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Residence halls to receive facelifts, repairs, upgrades

By Chelsea Burwell
On April 23, 2014

  • Blutreich. WSSU

After this fall's opening of Martin-Schexnider Residence Hall, the office of housing and residence life have no plans to slow down the improvement of on-campus student lodging.

The latest addition to existing residence halls houses more than 220 freshmen and is equipped with electronic access to rooms, television-equipped lobbies, a check-in desk for security purposes and recycling facilities.

While most of the freshmen residents are pleased with the new building, some skeptics of the Winston-Salem State's expansion have wondered why more residence halls are being constructed when enrollment is steadily falling. From 2008-2009, the total headcount for undergraduate enrollment fell .26 percent, according to the WSSU Fact Book. In 2012-2013, the percentage for enrollment decline rose to 7.5 percent. Nonetheless, Associate Director of Housing Peter Blutreich said the construction of Martin-Schexnider fell in line with the University's strategic plan.

"We have aging facilities that haven't gotten the attention they have deserved over the years - Moore Hall, Dillard Hall, Atkins Hall and Brown Hall. We built a facility with 227 beds with the full intention of replacing existing beds," he said.

Blutreich said the amenities within the aforementioned traditional halls are "not up to par" with their competition and their expectations for the student body, particularly first-year students.

"It's time we maintained and managed our facilities to our expectations and to students' expectations," said Abeer Mustafa, director of housing and residence life.

"We've finally created a long-term cyclical plan in how to replace appearance of residence halls," she said.

Mustafa said she has spoken with the chief finance officer to discuss reserve funding for residence hall renovations. Some of the renovations include lighting approved by the Intergovernmental Agreement, maintenance for HVAC malfunctions, painting and updated furniture. While the aesthetic value of the residence halls is important, Mustafa said that the students' safety overrides appearance.

"We take care of life safety first. We had some money and Wilson's fire alarms were failing, so instead of coming into Rams [Commons] and Wilson to renovate the bedrooms and bathrooms, those projects went offline. I put the students' lives above and beyond everything else," she said.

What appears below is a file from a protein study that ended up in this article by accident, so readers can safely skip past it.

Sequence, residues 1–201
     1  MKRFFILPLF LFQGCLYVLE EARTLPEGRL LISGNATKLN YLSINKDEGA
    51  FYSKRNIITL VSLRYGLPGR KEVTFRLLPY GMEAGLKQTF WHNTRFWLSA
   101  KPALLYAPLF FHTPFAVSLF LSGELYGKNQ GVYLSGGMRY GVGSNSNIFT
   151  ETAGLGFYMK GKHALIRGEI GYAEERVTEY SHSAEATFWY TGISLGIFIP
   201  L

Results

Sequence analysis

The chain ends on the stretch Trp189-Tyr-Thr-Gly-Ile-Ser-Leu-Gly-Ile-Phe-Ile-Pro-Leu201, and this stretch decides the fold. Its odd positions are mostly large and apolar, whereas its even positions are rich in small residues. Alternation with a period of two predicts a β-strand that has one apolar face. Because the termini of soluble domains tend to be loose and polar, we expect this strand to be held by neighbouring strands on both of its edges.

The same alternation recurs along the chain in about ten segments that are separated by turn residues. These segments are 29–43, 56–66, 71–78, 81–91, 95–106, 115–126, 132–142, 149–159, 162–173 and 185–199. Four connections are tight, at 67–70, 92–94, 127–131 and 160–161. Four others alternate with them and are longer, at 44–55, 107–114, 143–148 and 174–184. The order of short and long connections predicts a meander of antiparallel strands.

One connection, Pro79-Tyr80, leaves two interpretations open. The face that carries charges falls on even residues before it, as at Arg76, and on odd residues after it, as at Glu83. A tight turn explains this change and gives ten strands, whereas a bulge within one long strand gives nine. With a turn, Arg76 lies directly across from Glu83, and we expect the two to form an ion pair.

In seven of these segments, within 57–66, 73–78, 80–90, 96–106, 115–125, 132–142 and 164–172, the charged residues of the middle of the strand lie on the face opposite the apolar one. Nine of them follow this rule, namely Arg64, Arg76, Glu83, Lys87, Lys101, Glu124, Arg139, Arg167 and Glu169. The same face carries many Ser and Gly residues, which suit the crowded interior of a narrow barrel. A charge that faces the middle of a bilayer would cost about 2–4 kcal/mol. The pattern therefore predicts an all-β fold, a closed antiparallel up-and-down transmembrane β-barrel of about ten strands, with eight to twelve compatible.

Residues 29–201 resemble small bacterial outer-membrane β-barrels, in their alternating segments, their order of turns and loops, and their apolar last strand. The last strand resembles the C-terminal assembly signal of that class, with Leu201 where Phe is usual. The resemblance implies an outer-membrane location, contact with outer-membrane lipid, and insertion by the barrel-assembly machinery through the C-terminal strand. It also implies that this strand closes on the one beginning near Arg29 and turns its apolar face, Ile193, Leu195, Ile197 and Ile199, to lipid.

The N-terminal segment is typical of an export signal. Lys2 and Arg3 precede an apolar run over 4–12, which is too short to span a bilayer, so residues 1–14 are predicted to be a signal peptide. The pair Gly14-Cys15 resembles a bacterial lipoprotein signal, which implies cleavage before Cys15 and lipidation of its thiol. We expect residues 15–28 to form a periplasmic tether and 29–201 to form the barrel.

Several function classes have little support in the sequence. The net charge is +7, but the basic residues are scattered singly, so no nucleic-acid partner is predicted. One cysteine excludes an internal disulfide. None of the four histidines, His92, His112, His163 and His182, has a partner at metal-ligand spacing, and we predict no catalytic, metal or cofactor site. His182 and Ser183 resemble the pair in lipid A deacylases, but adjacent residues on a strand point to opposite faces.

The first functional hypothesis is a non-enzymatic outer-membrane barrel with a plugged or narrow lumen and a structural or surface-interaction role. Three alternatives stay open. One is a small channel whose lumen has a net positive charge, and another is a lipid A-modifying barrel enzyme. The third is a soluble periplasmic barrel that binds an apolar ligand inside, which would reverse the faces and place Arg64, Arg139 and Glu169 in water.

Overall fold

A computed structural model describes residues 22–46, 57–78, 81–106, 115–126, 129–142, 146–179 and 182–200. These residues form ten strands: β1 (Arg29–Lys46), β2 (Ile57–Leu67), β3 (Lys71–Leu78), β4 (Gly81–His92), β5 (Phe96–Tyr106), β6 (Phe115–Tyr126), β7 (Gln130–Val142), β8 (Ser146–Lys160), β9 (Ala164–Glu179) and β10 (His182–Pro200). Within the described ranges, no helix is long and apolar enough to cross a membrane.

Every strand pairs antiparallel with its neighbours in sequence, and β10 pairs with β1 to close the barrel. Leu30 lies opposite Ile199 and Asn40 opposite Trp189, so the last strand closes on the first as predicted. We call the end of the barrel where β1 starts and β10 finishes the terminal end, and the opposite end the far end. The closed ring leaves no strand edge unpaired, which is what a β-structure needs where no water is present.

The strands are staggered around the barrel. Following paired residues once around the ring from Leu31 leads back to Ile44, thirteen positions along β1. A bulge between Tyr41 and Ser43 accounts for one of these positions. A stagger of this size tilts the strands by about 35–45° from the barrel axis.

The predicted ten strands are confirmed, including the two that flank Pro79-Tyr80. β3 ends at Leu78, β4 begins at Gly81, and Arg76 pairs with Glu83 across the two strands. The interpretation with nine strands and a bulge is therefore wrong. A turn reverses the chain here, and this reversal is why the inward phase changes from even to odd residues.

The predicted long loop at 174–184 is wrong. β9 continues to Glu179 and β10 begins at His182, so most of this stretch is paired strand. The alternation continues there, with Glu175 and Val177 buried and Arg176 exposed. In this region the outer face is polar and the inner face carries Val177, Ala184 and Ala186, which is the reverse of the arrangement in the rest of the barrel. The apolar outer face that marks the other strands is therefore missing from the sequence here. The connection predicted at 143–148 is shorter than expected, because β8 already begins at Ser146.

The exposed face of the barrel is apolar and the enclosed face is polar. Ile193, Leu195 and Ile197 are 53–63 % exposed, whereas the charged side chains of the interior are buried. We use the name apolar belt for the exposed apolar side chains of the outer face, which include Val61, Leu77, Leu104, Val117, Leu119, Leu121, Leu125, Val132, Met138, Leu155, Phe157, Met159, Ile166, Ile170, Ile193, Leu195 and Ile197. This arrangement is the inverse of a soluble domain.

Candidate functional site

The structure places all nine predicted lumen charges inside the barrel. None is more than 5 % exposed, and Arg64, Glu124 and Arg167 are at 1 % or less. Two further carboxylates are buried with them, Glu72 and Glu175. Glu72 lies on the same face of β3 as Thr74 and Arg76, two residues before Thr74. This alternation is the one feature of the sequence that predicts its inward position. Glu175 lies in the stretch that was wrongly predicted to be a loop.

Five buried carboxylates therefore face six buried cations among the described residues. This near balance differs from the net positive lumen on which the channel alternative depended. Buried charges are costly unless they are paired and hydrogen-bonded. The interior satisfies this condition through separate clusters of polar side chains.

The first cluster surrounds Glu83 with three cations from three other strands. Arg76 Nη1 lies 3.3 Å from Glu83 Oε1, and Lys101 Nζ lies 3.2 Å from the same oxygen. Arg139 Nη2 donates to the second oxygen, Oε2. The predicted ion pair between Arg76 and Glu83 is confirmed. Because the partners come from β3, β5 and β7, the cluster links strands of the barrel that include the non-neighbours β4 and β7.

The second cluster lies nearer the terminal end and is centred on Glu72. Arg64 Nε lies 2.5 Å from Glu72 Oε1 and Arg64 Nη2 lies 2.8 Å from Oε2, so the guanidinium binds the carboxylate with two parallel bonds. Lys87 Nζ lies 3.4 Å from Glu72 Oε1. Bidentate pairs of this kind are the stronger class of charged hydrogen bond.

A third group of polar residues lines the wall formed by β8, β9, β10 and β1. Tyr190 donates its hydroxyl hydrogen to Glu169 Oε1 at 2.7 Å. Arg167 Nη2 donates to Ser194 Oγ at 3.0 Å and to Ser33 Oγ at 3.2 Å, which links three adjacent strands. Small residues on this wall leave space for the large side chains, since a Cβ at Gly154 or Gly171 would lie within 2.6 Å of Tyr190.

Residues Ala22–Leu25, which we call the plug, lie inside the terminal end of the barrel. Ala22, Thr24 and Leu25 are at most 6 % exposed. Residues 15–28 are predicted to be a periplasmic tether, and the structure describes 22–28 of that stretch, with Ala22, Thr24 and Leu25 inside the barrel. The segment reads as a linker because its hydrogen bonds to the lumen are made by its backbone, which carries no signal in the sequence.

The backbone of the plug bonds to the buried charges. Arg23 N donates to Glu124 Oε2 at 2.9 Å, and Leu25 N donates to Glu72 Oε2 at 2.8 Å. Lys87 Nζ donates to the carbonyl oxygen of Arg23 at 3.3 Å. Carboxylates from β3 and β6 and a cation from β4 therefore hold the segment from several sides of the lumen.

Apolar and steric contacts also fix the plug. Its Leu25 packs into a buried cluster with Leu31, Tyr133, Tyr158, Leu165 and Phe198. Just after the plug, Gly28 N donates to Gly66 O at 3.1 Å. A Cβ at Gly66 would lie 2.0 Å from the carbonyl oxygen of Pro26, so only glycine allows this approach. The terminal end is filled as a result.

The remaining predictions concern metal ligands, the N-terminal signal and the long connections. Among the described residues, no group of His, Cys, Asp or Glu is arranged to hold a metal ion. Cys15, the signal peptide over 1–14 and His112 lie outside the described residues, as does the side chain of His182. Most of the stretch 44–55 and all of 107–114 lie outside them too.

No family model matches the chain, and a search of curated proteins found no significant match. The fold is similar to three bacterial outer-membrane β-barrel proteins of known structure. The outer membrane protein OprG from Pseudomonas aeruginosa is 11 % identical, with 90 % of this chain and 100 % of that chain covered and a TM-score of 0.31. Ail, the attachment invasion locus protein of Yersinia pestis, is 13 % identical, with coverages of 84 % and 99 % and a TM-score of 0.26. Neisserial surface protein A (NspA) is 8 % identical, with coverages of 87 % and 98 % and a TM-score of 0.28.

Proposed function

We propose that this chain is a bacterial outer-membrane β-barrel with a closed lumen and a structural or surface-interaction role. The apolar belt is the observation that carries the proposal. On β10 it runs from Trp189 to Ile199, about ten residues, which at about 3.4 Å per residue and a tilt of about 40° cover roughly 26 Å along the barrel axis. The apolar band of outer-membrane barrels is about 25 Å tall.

When asked about the status of existing traditional residence halls, Blutreich said Dillard and Moore halls will not be occupied, beginning in fall 2014. Dillard will be torn down this summer while Moore's demolition date has not been finalized. Both residence halls were built more than 40 years ago; Dillard in 1971 and Moore in 1965.

"Dillard Hall will go away in the very near future and we are in the phase of creating a new 288-bed freshmen facility that will be structured in a different way than Martin-Schexnider is and will focus on the first-year success of our students," Blutreich said.

To emphasize a nurturing environment for freshmen, tutors and First Year Residential Experience coordinators will live in the residence hall.

Conversely, Brown Hall, which houses nearly 250 students, will be employed. The originally all-male residence hall underwent remodeling this summer, bringing hardwood flooring and newly painted refurbished bedrooms - similar to Martin-Schexnider.

Another residence facility undergoing changes is the Rams Commons Community Center. The center has been closed for renovations since February, leaving some students grumbling about the inconvenience. Some of the amenities within the center included study rooms, a kitchen, a meeting/event room, a fitness room and a computer room equipped with printing services.

Mustafa said after speaking with Rams Commons residents about the condition of the center, many students said it was "outdated."

Blutreich and Mustafa, who are both North Carolina State alumni, said they want the remodeled Rams Commons Community Center to be reminiscent of Hunt Library, a facility at the fellow UNC System institution.

Blutreich said The Hunt Library is well equipped and conducive for academic success for its students.

"We'll try to put a touch of that in the small alcove," he said in reference to the community center.

Renovations include new paint and flooring, as well as spacious areas for study and relaxation. The expected completion date is the end of April.

Blutreich said surveys will be sent out within the next year to determine what changes will benefit students - one of the main priorities for the Office of Housing and Residence Life.

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